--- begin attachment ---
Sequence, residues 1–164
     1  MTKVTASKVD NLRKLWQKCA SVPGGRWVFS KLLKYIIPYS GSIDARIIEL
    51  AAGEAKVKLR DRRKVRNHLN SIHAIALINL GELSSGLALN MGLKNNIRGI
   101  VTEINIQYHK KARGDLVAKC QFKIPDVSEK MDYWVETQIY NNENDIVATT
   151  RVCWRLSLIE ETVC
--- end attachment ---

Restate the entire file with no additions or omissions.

Sequence, residues 1–164
     1  MTKVTASKVD NLRKLWQKCA SVPGGRWVFS KLLKYIIPYS GSIDARIIEL
    51  AAGEAKVKLR DRRKVRNHLN SIHAIALINL GELSSGLALN MGLKNNIRGI
   101  VTEINIQYHK KARGDLVAKC QFKIPDVSEK MDYWVETQIY NNENDIVATT
   151  RVCWRLSLIE ETVC